A vulnerability in the implementation of the Simple Network Management Protocol (SNMP) Access Control List (ACL) feature of Cisco NX-OS Software could allow an unauthenticated, remote attacker to perform SNMP polling of an affected device, even if it is configured to deny SNMP traffic. The vulnerability is due to an incorrect length check when the configured ACL name is the maximum length, which is 32 ASCII characters. An attacker could exploit this vulnerability by performing SNMP polling of an affected device. A successful exploit could allow the attacker to perform SNMP polling that should have been denied. The attacker has no control of the configuration of the SNMP ACL name.
Published : 2019-08-30 09:15 Updated : 2019-10-09 23:48
CVSS Score More info
Score 5.0 / 10
A vulnerability exploitable with network access means the vulnerable software is bound to the network stack and the attacker does not require local network access or local access. Such a vulnerability is often termed "remotely exploitable". An example of a network attack is an RPC buffer overflow.
Specialized access conditions or extenuating circumstances do not exist. The following are examples:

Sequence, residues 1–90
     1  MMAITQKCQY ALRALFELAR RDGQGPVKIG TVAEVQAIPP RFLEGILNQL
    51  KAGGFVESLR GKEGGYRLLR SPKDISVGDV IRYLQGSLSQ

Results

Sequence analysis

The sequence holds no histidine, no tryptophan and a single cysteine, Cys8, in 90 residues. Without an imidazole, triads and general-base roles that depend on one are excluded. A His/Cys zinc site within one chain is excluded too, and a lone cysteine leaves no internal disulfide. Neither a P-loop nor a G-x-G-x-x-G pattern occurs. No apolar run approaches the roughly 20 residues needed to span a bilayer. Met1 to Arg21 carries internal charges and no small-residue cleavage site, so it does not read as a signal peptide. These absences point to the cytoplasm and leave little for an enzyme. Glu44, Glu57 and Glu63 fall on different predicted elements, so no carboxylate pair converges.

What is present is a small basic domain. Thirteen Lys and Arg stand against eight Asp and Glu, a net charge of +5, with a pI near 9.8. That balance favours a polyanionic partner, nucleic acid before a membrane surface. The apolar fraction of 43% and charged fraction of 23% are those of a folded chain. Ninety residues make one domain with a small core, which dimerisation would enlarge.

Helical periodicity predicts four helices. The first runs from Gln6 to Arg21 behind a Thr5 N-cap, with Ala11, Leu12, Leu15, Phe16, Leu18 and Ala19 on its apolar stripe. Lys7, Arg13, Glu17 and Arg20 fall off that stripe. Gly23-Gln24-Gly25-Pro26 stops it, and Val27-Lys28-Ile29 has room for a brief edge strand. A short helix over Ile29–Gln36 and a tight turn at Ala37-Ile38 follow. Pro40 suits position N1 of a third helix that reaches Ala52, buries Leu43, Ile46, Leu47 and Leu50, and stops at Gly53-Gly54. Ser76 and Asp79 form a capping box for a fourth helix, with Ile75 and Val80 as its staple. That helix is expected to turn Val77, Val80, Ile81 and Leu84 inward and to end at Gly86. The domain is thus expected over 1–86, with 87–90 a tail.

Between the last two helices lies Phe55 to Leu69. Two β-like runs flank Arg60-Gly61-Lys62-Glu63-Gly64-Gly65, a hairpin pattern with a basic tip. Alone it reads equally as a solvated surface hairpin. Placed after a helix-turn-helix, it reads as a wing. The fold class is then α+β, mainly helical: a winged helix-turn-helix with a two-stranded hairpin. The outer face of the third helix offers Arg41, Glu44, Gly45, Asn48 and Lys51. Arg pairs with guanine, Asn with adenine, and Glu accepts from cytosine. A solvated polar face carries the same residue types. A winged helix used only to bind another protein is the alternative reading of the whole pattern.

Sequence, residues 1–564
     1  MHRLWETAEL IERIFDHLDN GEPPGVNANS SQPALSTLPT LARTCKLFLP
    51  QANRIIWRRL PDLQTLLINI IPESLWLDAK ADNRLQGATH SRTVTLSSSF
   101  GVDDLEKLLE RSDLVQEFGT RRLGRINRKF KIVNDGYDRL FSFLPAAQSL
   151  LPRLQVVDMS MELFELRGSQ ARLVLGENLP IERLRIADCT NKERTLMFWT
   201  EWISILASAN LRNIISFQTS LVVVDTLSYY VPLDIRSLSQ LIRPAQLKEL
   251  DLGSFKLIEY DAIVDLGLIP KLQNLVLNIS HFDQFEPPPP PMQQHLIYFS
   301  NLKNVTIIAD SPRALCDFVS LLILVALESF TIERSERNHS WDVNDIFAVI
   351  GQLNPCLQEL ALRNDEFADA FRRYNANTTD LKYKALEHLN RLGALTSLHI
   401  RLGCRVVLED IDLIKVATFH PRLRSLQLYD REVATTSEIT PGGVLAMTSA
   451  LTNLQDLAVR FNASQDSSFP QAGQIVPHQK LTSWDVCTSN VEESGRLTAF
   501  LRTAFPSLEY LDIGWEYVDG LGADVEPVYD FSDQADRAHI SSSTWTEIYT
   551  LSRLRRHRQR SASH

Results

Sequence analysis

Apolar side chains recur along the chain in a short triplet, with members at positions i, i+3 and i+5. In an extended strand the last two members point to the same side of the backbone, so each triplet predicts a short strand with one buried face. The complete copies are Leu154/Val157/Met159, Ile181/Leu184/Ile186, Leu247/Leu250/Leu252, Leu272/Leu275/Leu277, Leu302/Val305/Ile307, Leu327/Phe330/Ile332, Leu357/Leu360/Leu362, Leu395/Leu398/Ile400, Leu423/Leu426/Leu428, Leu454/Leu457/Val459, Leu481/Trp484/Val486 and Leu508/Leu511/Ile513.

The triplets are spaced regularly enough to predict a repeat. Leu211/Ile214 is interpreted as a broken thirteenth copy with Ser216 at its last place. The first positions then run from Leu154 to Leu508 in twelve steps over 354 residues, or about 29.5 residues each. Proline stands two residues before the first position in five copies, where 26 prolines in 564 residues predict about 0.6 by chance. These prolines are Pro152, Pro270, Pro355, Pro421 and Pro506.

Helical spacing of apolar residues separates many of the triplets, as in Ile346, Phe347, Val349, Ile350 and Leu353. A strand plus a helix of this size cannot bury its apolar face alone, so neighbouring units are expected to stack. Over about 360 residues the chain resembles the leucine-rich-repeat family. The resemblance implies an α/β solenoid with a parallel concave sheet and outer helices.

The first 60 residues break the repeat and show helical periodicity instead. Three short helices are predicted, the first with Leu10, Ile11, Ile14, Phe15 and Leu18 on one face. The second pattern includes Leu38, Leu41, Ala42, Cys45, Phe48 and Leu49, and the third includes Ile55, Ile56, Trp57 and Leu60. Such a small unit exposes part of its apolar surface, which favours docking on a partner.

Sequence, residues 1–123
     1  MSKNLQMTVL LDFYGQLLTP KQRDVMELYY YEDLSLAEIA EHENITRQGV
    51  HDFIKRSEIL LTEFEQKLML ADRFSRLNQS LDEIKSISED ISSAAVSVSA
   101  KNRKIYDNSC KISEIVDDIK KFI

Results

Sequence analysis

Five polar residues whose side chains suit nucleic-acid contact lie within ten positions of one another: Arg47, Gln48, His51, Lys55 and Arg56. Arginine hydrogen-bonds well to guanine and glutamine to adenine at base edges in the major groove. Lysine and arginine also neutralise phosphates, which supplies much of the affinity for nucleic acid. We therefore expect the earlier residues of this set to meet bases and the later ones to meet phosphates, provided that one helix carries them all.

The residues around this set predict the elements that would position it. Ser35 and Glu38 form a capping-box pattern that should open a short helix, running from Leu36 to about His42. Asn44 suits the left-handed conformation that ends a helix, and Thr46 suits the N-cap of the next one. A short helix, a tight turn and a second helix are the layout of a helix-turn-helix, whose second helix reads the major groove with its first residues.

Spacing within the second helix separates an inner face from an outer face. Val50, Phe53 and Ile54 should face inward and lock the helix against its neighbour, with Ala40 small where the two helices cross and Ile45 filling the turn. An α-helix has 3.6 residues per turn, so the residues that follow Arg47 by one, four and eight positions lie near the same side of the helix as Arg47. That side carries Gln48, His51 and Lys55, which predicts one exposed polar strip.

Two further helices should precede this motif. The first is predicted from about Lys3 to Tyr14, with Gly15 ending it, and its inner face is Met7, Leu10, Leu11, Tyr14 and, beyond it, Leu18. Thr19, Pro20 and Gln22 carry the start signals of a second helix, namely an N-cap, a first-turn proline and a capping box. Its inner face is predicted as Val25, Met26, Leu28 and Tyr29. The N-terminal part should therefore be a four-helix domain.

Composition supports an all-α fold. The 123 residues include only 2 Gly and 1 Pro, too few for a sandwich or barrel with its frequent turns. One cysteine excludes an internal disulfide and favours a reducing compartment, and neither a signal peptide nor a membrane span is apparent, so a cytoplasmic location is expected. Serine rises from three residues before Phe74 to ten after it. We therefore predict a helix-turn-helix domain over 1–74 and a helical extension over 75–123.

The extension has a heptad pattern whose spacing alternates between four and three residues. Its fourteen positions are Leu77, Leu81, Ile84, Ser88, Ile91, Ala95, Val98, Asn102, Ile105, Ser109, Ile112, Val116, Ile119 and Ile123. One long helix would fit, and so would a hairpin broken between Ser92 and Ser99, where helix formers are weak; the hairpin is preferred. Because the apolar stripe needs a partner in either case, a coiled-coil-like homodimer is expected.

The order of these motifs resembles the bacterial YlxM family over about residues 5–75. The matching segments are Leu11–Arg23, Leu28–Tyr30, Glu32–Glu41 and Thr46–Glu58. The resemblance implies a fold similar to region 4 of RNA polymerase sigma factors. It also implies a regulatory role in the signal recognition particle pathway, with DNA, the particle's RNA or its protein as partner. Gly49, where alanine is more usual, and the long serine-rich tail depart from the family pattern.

- The affected product typically requires access to a wide range of systems and users, possibly anonymous and untrusted (e.g., Internet-facing web or mail server).
- The affected configuration is default or ubiquitous.
- The attack can be performed manually and requires little skill or additional information gathering.
- The race condition is a lazy one (i.e., it is technically a race but easily winnable).
Authentication is not required to exploit the vulnerability.
There is no impact to the confidentiality of the system.
Modification of some system files or information is possible, but the attacker does not have control over what can be modified, or the scope of what the attacker can affect is limited. For example, system or application files may be overwritten or modified, but either the attacker has no control over which files are affected or the attacker can modify files within only a limited context or scope.
There is no impact to the availability of the system.
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